The CCP’s chief objections to Australia’s behavior are, of course, economic. Beijing accuses Morrison’s government of restricting and interfering with China’s investments in Australia. Naturally, the CCP does the same with respect to foreign investment in mainland China, often requiring companies to forfeit the rights to key technologies and enter into uneven joint ventures with local firms. In 2018, under the previous government of PM Malcolm Turnbull, Canberra banned leading Chinese firms Huawei and ZTE from Australia’s 5G wireless rollout. Turnbull cited the security risks posed by a wireless company controlled by an authoritarian regime. The CCP is still steaming mad over the move. In its list of grievances, Beijing argues the “national security concerns” are “unfounded” and the ban was merely the result of U.S. “lobbying.”

All of these issues, and more, now await the incoming Biden administration. The Trump administration was operating under the understanding that the threat posed by the CCP involved a series of interconnected challenges that couldn’t be easily separated. The CCP’s economic agenda serves its military strategy, which reinforces its political aims. In response, PM Morrison has been forced to walk a fine line with China, which is, after all, Australia’s largest trading partner. If the Biden team is going to seriously move to contain the CCP’s ambitions, then it will have to implement policies to bolster America’s closest allies, including the Australians.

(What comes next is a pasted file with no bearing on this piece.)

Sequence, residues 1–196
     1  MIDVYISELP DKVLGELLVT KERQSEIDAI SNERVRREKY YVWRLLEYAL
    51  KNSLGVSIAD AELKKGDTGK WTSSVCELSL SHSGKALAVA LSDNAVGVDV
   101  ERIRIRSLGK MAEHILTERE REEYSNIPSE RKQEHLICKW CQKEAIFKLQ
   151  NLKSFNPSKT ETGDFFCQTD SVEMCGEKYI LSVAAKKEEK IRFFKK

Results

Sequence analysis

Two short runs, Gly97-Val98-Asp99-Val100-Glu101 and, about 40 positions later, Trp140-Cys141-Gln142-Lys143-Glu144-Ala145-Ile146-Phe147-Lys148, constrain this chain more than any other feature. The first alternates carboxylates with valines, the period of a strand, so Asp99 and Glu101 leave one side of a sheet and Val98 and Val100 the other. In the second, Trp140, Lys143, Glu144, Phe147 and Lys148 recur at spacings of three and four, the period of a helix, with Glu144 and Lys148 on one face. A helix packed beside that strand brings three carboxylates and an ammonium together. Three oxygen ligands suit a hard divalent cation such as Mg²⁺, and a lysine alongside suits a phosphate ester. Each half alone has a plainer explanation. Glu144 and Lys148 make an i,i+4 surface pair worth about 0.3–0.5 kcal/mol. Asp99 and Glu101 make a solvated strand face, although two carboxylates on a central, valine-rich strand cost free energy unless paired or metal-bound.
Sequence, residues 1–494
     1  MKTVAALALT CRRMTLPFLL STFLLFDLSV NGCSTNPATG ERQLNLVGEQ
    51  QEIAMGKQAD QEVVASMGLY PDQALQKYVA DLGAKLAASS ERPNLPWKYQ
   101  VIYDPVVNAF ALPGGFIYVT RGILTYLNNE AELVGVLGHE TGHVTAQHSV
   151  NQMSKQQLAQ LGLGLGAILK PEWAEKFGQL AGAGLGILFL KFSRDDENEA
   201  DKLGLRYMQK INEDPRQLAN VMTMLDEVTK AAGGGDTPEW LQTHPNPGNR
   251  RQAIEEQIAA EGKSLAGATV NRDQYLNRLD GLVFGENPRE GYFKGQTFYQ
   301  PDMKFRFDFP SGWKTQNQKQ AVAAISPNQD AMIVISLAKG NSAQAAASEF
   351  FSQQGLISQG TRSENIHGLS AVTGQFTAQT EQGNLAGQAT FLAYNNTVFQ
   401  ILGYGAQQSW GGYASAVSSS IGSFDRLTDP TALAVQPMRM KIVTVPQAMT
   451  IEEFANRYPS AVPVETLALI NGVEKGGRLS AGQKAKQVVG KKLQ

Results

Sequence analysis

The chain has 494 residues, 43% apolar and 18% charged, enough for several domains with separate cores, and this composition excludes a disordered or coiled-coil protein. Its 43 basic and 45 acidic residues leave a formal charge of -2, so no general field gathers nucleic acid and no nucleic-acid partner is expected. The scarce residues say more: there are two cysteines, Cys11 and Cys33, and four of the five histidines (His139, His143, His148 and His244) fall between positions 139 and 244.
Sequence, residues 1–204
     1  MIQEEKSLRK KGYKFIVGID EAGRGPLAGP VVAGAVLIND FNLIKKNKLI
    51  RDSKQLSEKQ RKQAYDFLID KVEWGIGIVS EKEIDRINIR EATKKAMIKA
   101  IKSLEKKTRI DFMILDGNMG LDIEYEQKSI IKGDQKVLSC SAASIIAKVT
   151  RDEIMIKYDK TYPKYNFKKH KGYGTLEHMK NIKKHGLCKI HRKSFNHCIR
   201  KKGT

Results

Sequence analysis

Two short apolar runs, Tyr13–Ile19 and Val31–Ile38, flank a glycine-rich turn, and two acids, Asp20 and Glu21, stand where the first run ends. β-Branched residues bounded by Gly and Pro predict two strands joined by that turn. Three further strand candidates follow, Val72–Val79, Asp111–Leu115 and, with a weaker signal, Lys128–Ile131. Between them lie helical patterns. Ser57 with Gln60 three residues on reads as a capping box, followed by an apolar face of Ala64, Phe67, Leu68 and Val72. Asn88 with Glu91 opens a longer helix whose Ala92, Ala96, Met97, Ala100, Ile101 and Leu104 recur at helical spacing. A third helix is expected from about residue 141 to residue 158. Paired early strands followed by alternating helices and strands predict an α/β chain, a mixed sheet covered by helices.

Thomas Joscelyn is a Senior Fellow at the Foundation for Defense of Democracies and the Senior Editor for FDD’s Long War Journal. Follow Tom on Twitter @thomasjoscelyn. FDD is a nonpartisan think tank focused on foreign policy and national security issues.

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China Military and Political Power U.S. Defense Policy and Strategy